Endothelial dysfunction was measured as flow-mediated dilatation (FMD), and FMD of the brachial artery was determined using a high-resolution B-mode ultrasono-graphic system (Logic 400 GE) with an electrical linear transducer midfrequency of 7.5 MHz, using the technique described by Celermajer and associates.38 Briefly, each subject was requested to lie at rest for more than 10 min before the procedure began, and the first scan at rest was then taken. This was followed by inflation of the pneumatic tourniquet of the standard sphygmomanometer (Diamond BP Apparatus) placed around the forearm to a pressure of 300 mm Hg followed by deflation after 4.5 min. The second scan was taken 30 s before and 90 s after cuff deflation. Fifteen minutes was then allowed for vessel recovery, and a further scan at rest was then recorded. Sublingual glyceryl trinitrate spray (400 μg) was administered, and 3 to 4 min later, the last scan was performed. Electrocardiography was monitored continuously throughout the study. Flow-mediated dilatation was calculated using the following ratio: diameter of brachial artery after cuff deflation to the diameter measured at rest.38
In the CUPS study, all three preclinical atherosclerotic markers were assessed on the same day on the right side (right common carotid artery, right brachial artery, and right radial artery).
The prevalence of CAD in the CUPS study was 11% in the total population, with 1.2% patients having had a MI, 1.3% with Q-wave changes, 1.5% with ST-segment changes, and 7.0% with T-wave abnormalities.41,42 This 11% represents a 10-fold increase in CAD prevalence in urban India since 1970,41,43 now approaching those reported in migrant Indians. In the same study, the prevalence of CAD among diabetic subjects was 21.4% (known diabetes, 25.3%, and newly diagnosed diabetes, 13.1%), which was much higher than the figure of 14.9% among subjects with IGT and 9.1% among those with NGT (Table 1).41 Prevalence of known MI was three times higher in diabetic subjects. However, this study showed that the risk for CAD increased even at the stage of IGT itself.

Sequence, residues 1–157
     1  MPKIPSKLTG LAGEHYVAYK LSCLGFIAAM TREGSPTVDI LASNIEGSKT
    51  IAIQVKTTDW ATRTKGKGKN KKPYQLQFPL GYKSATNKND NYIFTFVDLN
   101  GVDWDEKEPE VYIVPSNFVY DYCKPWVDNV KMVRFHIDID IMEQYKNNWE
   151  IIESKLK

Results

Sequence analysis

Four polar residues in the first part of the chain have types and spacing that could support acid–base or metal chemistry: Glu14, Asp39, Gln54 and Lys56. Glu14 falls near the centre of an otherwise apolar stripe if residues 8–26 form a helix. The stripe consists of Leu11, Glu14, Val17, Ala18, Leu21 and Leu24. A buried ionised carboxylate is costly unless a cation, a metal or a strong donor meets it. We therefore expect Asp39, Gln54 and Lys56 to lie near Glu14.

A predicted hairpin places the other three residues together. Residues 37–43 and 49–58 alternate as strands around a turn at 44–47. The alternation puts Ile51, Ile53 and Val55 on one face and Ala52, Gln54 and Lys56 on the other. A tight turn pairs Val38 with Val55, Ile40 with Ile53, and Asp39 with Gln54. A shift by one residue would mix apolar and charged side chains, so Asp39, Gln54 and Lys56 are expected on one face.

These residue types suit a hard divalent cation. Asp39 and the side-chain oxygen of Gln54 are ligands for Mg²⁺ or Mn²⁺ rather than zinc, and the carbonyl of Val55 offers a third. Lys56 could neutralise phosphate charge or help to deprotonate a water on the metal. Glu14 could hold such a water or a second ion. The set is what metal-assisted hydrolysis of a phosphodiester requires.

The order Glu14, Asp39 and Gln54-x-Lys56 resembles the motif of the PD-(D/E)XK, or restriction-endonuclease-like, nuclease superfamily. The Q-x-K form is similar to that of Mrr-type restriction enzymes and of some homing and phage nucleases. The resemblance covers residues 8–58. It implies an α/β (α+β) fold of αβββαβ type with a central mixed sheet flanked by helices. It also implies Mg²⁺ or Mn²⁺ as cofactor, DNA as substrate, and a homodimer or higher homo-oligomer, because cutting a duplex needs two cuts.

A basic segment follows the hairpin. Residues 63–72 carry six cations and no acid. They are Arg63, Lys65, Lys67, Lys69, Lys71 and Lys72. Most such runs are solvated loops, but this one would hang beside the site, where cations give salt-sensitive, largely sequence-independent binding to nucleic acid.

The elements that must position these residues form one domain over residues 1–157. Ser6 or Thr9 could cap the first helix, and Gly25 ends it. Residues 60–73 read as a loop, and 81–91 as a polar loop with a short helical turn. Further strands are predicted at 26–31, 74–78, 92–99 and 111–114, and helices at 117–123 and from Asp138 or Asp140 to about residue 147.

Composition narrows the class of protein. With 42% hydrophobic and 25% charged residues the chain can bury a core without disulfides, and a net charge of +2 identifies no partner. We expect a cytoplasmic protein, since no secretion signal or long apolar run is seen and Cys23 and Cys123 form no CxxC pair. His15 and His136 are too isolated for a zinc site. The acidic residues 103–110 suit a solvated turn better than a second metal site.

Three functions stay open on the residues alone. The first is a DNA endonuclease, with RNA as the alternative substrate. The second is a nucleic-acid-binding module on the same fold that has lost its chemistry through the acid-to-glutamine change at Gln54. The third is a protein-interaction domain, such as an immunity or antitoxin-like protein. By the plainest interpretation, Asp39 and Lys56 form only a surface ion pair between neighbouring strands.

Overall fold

In the CUPS, the mean IMT values among diabetic subjects were significantly higher (0.95 ± 0.31 mm) compared to normal subjects (0.74 ± 0.14 mm) (p < .001). The range of IMT values in nondiabetic subjects was 0.5–1.2 mm, whereas it was 0.4–3.0 mm in patients with diabetes. An IMT value ≥ 1.1 mm was used as a cut off for defining carotid atherosclerosis, and using this definition, 20% of diabetic subjects had carotid atherosclerosis compared to 1% of nondiabetic subjects.44
Endothelial dysfunction, measured as FMD, was found to be reduced in diabetes patients compared to age- and sex-matched nondiabetic subjects.45 Arterial stiffness was also found to be significantly greater among diabetic subjects compared to age- and sex-matched nondiabetic subjects. Pearson correlation analysis of AI and FMD was done with the risk factors for CAD, which revealed age, fasting plasma glucose, and glycated hemoglobin to be positively associated with AI and negatively associated with FMD. These studies confirm that Asian Indian diabetic subjects have an increased tendency to develop premature atherosclerosis compared to their nondiabetic counterparts.
The identified risk factors for CAD include aging, smoking, and a family history of CAD. Type 2 diabetes is a part of the insulin resistance cluster or metabolic syndrome, which is a combination of hyperglycemia, central body obesity, dyslipidemia, and hypertension (Figure 1).41 Each of these can contribute independently to the CAD risk or may cluster to increase the risk (Figure 2).46 The role of some CAD risk factors are discussed here, particularly in relation to studies from India.
Multiple biochemical alterations have been reported in diabetes, and several metabolic pathways seem to be involved in glucose toxicity, with a possible redundancy in their mechanisms.47 Insulin deficiency and hyperglycemia enhance glucose metabolism through multiple pathways, including the polyol pathway, advanced glycation end products, protein kinase C, and hexosamine pathway (Figure 3).48 Increased plasma glucose concentration leads to increased glycosylation of proteins, particularly lipoproteins. Glycosylation of low-density lipoprotein (LDL) has been shown to enhance its susceptibility to oxidation, which triggers the atherosclerotic processes. The Honolulu Heart Study, the Bedford Study, and the Pathological Determinants of Atherosclerosis in Youth Study are some of the studies that have demonstrated the association of hyperglycemia with CAD.49–51 Reduction of CAD events with intensive glycemic control using insulin was shown in the randomized trial of insulin–glucose infusion followed by subcutaneous insulin treatment in diabetes patients with acute MI,52 which indirectly proves the association of hyperglycemia with CAD. In the CUPS, prevalence of CAD was seen to increase with increase in fasting plasma glucose levels, even among nondiabetic subjects. The odds ratio (OR) for CAD increased with increase in quartiles of fasting plasma glucose and 2 h postglucose load plasma glucose, indicating a strong association of plasma glucose levels with CAD (Figure 4), which also means that in Indians, as shown in the West, the clock for CAD starts “ticking” even at the IGT stage itself. It also indicates that the plasma glucose– CAD relationship is a continuum and that there is no threshold value of risk.53